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Sunday, 3 December, 2000, 11:14 GMT
High hopes for Clinton visit
Seamus Mallon and David Trimble met President Clinton at the Whitehouse in September
President Clinton still has pivotal role in NI process
The US senator who helped broker the Good Friday Agreement has said he hopes President Clinton's visit will move the Northern Ireland peace process forward.

Senator George Mitchell, who chaired the all-party talks which were the basis for the April 1998 peace accord, said he had been discouraged about setbacks in the process at times, but that he believed the path to peace was irreversible.

Speaking on the BBC's Breakfast with Frost programme, he said Mr Clinton was taking a very deep personal interest in the situation.

"No other American president has ever gone to Northern Ireland while in office and this will be President Clinton's third visit.

"I know that he will want to do what he can to encourage the political leaders and the people to move the process forward," he said.

Senator George Mitchell: Clinton will encourage people to move forward
Senator George Mitchell: Clinton will encourage people to move forward
"He recognises that the role of the United States there is a limited one. It is secondary and the prime responsibility belongs to the government and the people there.

"But to the extent that he can be helpful, I know that he very much wants to be and he is looking forward to his visit."

Mr Clinton's third visit is expected to be his most political, as he is coming to Northern Ireland at a time when the British and Irish governments are trying to put together a package to avert another political crisis in the province.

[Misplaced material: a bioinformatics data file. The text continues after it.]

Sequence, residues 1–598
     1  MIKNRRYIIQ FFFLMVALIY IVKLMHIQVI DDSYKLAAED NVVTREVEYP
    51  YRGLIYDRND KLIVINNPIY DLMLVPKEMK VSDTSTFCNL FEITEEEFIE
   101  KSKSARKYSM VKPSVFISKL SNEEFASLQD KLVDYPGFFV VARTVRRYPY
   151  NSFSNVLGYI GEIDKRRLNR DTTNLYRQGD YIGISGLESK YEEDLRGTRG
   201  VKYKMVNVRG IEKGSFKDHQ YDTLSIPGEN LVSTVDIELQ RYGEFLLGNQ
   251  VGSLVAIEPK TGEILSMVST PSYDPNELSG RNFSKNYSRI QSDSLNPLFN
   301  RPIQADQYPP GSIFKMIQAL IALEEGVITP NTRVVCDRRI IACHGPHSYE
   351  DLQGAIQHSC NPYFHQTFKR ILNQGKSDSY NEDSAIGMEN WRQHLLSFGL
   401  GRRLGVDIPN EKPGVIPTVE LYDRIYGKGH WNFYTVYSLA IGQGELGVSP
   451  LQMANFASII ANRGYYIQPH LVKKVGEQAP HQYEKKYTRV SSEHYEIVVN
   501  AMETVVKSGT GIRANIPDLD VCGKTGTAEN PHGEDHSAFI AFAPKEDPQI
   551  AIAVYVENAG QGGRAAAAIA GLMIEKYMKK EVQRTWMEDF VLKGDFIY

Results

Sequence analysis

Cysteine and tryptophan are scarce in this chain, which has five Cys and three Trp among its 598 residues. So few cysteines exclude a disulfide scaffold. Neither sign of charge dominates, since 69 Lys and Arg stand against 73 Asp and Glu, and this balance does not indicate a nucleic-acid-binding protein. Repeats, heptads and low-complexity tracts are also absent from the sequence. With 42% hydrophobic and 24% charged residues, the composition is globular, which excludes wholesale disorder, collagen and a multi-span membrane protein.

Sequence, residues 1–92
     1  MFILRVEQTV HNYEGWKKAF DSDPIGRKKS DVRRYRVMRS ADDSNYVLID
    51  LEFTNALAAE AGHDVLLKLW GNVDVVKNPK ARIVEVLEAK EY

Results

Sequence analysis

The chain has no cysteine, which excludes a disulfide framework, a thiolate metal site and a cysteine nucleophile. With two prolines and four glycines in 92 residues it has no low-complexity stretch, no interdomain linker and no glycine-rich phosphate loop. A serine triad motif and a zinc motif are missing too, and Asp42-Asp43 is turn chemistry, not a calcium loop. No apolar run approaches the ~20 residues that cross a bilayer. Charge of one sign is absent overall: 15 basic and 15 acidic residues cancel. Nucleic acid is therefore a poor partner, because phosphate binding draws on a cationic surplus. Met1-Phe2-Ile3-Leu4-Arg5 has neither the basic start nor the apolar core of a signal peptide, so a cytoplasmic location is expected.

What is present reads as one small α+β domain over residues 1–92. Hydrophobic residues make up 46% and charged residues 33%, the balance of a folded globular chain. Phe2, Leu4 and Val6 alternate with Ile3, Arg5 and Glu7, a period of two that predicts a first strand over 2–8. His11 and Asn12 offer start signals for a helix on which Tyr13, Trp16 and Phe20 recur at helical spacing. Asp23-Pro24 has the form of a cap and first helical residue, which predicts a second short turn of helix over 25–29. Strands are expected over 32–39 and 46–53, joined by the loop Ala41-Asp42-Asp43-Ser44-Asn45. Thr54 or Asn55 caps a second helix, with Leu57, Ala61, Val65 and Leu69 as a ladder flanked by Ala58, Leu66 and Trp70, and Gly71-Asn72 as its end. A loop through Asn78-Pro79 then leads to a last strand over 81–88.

Earlier this week, Northern Ireland Deputy First Minister Seamus Mallon, of the Social Democratic and Labour Party, said he hoped a resolution could be found to the issues that threaten to destabilise the process, before Mr Clinton arrives on 13 December.

But there are still major differences between the parties on the issues of paramilitary decommissioning, police reform and demilitarisation.

On Saturday, Northern Ireland First Minister and Ulster Unionist leader David Trimble made an appeal on a US radio station to President Clinton to "exercise his influence with Irish republicans" on the need to start decommissioning weapons.

Speaking in south Armagh at a commemoration for four IRA men on Saturday night, Sinn Fein President Gerry Adams said the UK Government had reneged on the programme for scaling down military fortifications in the province.

He reminded the government that the IRA had allowed some of its weapons dumps to be inspected by international inspectors, as a confidence-building measure to show that a process of putting the guns "verifiably beyond use" had started.

But that this was part of an overall package from the British and Irish governments on progressing implementation on all aspects of the Good Friday Agreement - including those on demilitarisation and police reform.

Meanwhile, Mr Mallon has added a further dimension to the wrangling over police reform, by revealing that Prime Minister Tony Blair told him this week that the government's Implementation Plan for the Police NI Act is being "revised" to make it more acceptable to nationalists.

Sinn Fein has rejected the Act as an unacceptable blueprint for a new police force, saying the changes do not go far enough. The SDLP has so far reserved judgement.

But further movement towards the nationalist position on issues including the badge or flag of the new force would anger unionists.

They are already unhappy about the Royal Ulster Constabulary title being dropped from the new police service in all but its title deeds.

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See also:

30 Nov 00 | Northern Ireland
Clinton may get new peacemaker role
02 Dec 00 | Northern Ireland
Devolution's turbulent year
02 Dec 00 | Northern Ireland
NI policing plan 'being revised'
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